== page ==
NFL commissioner Roger Goodell speaks at a Super Bowl news conference at the Phoenix Convention Center on Wednesday in Phoenix. Photo by John Angelillo/UPI | License Photo
PHOENIX, Feb. 8 (UPI) -- The number of NFL player concussions increased during the 2022-23 season because of the league's increased examinations of head injuries, commissioner Roger Goodell said at his annual Super Bowl news conference Wednesday in Phoenix.
The NFL announced last week that 149 reported concussions were sustained in 271 games this season. That total represents an 18% increase from 2021, and is 14% higher than the average of 130 concussions over the three previous seasons.
"I think it's hard to draw conclusions from one year," Goodell said in a ballroom at the Phoenix Convention Center. "I think there's some specific reasons to why the concussion rate is up this year.
"No. 1, the definition of concussions changed during the season. We had more evaluations, and that's going to lead to more recorded concussions.
"We don't want concussions to occur. We want to prevent them and we want to treat them, but we're not afraid of having them be diagnosed.
"That's something that's really important for us, and why we encourage players and coaches and everyone else to come forward when they have symptoms, so we can deal with those medically and make sure that they're handled professionally."
The NFL also reported that overall injuries were down nearly 6% compared to 2021-22. Goodell said the league plans to study specific plays, tackling methods and other data to decrease that total.
"We have some techniques that we've seen sort of develop through the season that we want to look at," Goodell said. "There are a couple that we think of lead to injuries that we want to be cautious of and to try to see if there's a way to remove those from the game."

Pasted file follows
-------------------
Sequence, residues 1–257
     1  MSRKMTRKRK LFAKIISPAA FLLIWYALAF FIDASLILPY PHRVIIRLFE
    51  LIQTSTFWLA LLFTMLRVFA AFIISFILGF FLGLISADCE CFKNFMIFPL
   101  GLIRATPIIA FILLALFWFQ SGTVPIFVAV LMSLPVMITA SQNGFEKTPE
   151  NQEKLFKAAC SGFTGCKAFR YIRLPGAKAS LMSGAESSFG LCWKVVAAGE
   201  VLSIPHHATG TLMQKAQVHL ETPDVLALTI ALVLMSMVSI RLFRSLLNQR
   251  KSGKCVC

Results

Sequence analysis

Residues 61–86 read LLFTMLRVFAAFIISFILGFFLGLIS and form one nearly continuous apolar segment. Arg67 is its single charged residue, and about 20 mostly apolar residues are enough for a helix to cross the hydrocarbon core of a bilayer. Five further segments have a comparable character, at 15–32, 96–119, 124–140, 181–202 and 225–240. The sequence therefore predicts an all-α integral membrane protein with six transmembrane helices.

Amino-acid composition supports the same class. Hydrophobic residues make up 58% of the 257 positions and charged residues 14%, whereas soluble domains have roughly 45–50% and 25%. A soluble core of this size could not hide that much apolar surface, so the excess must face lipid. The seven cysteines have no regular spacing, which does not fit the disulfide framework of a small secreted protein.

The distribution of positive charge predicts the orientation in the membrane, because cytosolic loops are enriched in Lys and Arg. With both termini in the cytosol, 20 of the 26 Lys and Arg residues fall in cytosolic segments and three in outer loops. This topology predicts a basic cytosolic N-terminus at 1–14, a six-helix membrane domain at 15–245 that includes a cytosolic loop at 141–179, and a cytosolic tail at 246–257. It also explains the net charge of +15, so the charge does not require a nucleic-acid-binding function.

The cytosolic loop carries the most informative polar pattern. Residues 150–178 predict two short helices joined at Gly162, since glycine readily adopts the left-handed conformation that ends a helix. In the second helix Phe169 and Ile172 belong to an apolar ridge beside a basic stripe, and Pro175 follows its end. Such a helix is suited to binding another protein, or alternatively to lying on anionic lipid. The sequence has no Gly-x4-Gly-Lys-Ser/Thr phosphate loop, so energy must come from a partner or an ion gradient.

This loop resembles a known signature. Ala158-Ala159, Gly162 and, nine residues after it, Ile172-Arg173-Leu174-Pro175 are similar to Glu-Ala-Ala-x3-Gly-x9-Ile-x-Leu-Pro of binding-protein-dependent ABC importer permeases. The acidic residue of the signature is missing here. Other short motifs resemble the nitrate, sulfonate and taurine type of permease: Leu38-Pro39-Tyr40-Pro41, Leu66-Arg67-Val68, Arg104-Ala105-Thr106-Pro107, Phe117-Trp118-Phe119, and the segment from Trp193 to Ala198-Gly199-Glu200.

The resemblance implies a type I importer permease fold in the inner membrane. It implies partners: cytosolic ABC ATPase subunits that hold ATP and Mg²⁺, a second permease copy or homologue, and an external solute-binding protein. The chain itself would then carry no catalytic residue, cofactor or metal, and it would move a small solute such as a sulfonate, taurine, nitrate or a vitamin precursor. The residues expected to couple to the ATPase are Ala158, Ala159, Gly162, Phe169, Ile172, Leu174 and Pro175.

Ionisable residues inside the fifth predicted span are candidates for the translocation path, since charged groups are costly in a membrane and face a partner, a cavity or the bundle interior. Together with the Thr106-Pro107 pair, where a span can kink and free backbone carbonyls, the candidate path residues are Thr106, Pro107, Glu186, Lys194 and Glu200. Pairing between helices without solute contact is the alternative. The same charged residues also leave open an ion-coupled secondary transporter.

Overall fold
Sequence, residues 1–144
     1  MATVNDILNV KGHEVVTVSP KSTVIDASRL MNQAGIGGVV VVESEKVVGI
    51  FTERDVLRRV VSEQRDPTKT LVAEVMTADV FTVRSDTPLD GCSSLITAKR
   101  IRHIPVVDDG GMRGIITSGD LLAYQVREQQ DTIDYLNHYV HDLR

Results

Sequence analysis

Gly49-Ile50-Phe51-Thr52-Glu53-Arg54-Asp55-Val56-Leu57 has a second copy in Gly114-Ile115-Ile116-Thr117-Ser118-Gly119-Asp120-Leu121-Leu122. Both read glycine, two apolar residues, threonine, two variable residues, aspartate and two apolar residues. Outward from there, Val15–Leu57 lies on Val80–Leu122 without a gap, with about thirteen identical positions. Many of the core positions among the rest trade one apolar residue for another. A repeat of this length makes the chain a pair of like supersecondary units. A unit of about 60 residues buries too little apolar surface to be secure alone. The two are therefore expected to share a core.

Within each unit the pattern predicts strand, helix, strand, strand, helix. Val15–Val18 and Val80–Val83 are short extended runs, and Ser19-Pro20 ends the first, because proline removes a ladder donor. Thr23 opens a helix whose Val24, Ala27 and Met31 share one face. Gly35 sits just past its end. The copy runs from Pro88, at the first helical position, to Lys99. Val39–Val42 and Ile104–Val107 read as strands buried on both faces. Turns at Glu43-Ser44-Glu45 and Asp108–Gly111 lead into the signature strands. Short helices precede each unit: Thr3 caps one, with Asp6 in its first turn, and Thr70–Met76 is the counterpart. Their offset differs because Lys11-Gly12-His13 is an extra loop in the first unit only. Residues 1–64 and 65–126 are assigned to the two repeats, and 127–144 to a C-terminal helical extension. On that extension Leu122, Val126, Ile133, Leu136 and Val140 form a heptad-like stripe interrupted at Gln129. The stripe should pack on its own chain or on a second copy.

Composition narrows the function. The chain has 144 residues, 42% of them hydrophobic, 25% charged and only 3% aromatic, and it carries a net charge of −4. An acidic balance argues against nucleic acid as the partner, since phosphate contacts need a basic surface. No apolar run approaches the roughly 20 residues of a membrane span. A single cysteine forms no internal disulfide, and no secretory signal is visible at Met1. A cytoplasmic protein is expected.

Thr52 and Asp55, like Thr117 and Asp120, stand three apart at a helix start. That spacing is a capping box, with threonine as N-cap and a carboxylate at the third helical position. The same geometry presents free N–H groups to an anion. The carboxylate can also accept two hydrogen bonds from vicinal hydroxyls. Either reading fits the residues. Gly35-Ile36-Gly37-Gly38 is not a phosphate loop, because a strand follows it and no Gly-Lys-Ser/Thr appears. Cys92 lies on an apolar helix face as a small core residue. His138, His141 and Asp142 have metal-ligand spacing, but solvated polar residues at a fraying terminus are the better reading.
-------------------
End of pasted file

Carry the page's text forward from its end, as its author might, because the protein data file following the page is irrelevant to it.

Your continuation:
Goodell said he didn't believe that the recent addition of a 17th regular-season game -- and 18th week -- should be re-evaluated.
"The injury rate is absolutely no different [in Week 18] than any other week," Goodell said.
Researchers at Boston University announced Monday they found chronic traumatic encephalopathy in the brains of more than 91% of former NFL players involved in a study about the delayed neurodegenerative disorder.
Medical experts say those who sustained repeated hits to their head may have a higher risk of developing CTE.
The NFL made changes to its concussion protocol in October, after Miami Dolphins quarterback Tua Tagovailoa hit his head and collapsed on the field twice in two games.
Tagovailoa was allowed to return to the field after collapsing in the first contest. He then hit his head and fell to the ground again in the next game, just five days later.
Those sequence of events also led the NFL Players Association to fire a doctor involved in Tagovailoa's evaluation. Changes also were made to the league's return-to-play protocol.
The modifications to the concussion protocol, announced by the NFL and players union, allow evaluators to rule out players immediately if they exhibit any form of gross motor instability.
Tagovailoa entered the concussion protocol again Dec. 26 and missed the Dolphins' final two regular-season games and a playoff matchup. He didn't exit the protocol until mid-January.
"There is no magical 'this is what we want,'" DeMaurice Smith, the executive director of the players' union, said Wednesday at another news conference at the Phoenix Convention Center.
"This has been a relentless a relentless effort to constantly improve safety."
Kansas City Chiefs quarterback Patrick Mahomes speaks to the media at the Super Bowl LVII Opening Night event at the Footprint Center in Phoenix on February 6, 2023. The Kansas City Chiefs will will play the Philadelphia Eagles in Super Bowl LVII at State Farm Stadium in Glendale, Ariz., on February 12. Photo by John Angelillo/UPI | License Photo